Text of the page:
. Of the people who were chemically restrained, 87 per cent received medication on an ongoing basis and 13 per cent in response to an incident.

Women with Disabilities Victoria executive director Keran Howe said chemical restraint should be used as a last resort.

''At times we have had concerns that may not have been the case. We need to be really careful we are not masking problems,'' she said.

A spokesman for the Department of Human Services said the Disability Act required that chemical restraints be used only as a last resort and when approved by authorised clinicians.

"The Senior Practitioner has recommended the adoption of guidelines based on best practice overseas to improve accurate diagnosis of intellectual disability and mental illness and reduce the use of psychotropic medication,'' he said.

LISA Comment: Whilst we agree there is far too much use of medication in behaviour management, there is quite a fine-line between mental illness and not mental illness behaviours of concern

In general, there is a lack of meaningful behaviour management prior to the use of medication. One of the main causes of questionable behaviour with residents in supported accommodation is boredom - lack of engagement.

All of us get bored at times. Kids get up to mischief without sufficient parent engagement - we are referring to those with regular intellectual ability being self motivated.

Those with almost any level of limited intellectual ability have limited selfmotivation, culminating in questionable behaviours if left to themselves for long periods.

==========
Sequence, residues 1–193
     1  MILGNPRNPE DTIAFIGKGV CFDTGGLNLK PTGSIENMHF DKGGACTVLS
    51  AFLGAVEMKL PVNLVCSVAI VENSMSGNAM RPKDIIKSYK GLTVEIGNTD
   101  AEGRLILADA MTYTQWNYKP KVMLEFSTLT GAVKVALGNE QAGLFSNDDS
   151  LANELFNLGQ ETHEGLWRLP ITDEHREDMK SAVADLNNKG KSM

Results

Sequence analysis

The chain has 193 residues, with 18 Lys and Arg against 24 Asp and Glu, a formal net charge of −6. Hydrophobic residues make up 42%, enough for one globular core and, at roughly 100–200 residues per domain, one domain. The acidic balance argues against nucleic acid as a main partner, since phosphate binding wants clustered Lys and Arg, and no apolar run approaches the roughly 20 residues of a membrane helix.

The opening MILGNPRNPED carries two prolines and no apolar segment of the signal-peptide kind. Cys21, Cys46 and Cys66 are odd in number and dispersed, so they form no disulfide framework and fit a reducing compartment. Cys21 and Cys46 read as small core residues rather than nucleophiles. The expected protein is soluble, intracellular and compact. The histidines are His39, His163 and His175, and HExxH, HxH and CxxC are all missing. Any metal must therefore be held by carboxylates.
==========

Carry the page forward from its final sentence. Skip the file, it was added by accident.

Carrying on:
The Department of Human Services, Disability Services, Victoria, have extensive behaviour management programs in the form of, 'Person Centred Active Support' and, 'Positive Behaviour Support' to provide consistent interaction, developmental and social activities for the residents of their supported accommodation services.

As traditional institutional care was rarely more than minder-care, it has never been seen as the role of staff to meaningful engage with the residents - being mainly a 'them and us' culture. So the medical profession have resorted to medicating the resident to make life easier for minder-care staff. An independent source stated, "Many staff only engage with residents to give them directions."

That said, DHS Victoria makes little effort to provide proper behaviour management for those with exceptionally challenging behaviour, by specially selected and remunerated staff with outcome expectations set on them to achieve results.

Whilst it is almost always considered, that difficult and confronting behaviours need to be moderated for the wellbeing of direct care staff, these staff go off duty. Whereas, other residents in the home get no such breaks.

It is also rarely considered that the person with the difficult behaviours is indirectly disadvantaged through reduced quality of life - not being taken here and there as their behaviour is unacceptable to the general public.

Were a person's adverse behaviour is that of making excessive noise, it might be their human right to do so, but the human right of others not to suffer this.

In conclusion, adverse behaviour would have to be considered as mental illness, and treatable with medication, where reasonable behaviour management has failed.

LISA Inc   ~   Phone: 03 9434 3810   ~   Email: vk3qq@optusnet.com.au   ~   Address: 73 Nepean Street Watsonia VIC 3087